Friday, 3 July 2015

Gooseberry and Hazelnut Slices

I've been taking part in the Formula 1 Foods challenge over at Caroline Makes. The idea is to make a dish inspired by the country in which each round of the F1 Grand Prix races take place. This weekend, the race takes place here in Great Britain, so it was relatively easy to find an ingredient which, to me, seemed  to represent the best of seasonal British food.

I chose to bake with gooseberries, rather than go for a typically British recipe, such as Battenburg Cake, or Maids of Honour, for two reasons. The first was that it was impossible to make a choice between all the 'British' recipes I have; the second was that gooseberries seem the most British of all the summer fruits available. They don't feature much in the cookery of any other country, as far as I can find out, even though they can be grown in most of Northern Europe. At the moment they seem out of favour with even British cooks, perhaps because they are difficult to harvest, which makes them expensive to grow commercially, as well as fiddly to prepare once you've got them. I was surprised recently to hear Raymond Blanc say that he had never cooked with them before making a gooseberry cheesecake for the TV series 'Kew on a Plate'.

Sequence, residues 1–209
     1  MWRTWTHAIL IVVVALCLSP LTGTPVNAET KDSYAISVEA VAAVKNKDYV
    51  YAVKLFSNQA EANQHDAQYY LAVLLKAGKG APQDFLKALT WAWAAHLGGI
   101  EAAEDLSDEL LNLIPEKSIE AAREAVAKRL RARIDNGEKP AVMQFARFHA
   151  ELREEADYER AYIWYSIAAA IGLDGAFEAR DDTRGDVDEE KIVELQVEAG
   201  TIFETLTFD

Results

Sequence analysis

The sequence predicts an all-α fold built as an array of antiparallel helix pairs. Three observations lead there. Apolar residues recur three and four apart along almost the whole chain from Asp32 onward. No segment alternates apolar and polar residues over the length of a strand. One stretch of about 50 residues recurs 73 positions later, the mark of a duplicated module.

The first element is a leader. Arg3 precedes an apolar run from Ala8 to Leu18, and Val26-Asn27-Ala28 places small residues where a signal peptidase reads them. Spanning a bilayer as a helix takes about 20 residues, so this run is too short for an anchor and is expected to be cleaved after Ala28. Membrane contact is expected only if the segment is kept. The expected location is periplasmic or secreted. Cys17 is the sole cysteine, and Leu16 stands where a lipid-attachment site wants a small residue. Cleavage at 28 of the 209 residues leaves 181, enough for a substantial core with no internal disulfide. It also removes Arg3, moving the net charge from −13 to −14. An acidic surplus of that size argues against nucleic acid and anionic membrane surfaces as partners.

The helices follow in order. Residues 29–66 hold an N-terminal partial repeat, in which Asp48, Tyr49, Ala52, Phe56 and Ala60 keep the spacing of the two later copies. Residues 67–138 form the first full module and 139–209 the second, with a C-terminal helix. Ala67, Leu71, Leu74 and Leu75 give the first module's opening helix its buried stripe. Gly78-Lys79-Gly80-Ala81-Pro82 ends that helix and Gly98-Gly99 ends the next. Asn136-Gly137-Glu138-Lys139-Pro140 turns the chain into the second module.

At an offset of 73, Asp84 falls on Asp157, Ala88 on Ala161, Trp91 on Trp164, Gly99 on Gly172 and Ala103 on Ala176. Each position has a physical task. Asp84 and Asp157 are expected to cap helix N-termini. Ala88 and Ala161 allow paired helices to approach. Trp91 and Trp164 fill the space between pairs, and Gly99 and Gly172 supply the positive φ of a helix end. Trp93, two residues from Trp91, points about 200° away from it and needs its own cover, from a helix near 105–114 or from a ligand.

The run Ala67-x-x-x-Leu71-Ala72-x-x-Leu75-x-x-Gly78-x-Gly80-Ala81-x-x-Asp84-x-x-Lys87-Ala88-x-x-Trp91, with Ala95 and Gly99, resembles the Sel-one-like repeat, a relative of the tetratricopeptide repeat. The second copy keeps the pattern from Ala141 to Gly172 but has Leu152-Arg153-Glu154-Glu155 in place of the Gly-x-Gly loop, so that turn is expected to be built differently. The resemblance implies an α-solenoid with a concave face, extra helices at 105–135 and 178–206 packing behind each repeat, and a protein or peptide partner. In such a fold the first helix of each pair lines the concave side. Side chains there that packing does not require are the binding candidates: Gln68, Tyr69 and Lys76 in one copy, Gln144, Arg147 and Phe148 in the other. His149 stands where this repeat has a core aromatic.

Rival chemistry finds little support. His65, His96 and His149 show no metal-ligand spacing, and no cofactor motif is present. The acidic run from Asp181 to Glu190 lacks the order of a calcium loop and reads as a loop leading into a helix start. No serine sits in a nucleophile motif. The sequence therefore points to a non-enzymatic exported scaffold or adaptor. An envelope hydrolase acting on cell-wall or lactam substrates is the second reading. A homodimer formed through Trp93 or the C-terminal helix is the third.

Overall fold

Having decided on gooseberries, I looked around for a new recipe to try. Because they aren't a commonly used fruit, there aren't many recipe variations around - pies, crumbles and streusel topped cakes seem the most popular use, but all the recipes are very similar. I was very pleased to find this recipe for Gooseberry and Hazelnut Slices on the BBC Good Food website, as pairing gooseberries and hazelnuts is new to me, and it got over a major problem with cake baking with fresh fruit in hot weather, namely that nothing keeps for more than a couple of days, without refrigeration, before going mouldy. This recipe cooks the gooseberries with a lot of sugar, to make a purée with an almost jam-like texture. I hoped this would hold the mould at bay for long enough for us to finish the cake, as I really dislike the texture of cakes that have been refrigerated.

There were three stages to the recipe, which made it quite a trial on one of the hottest days of the year (so far)! I decided to make my own shortcrust pastry, which increased the work load, then the fruit had to be cooked and a sponge cake topping made to go on top of the pastry and fruit.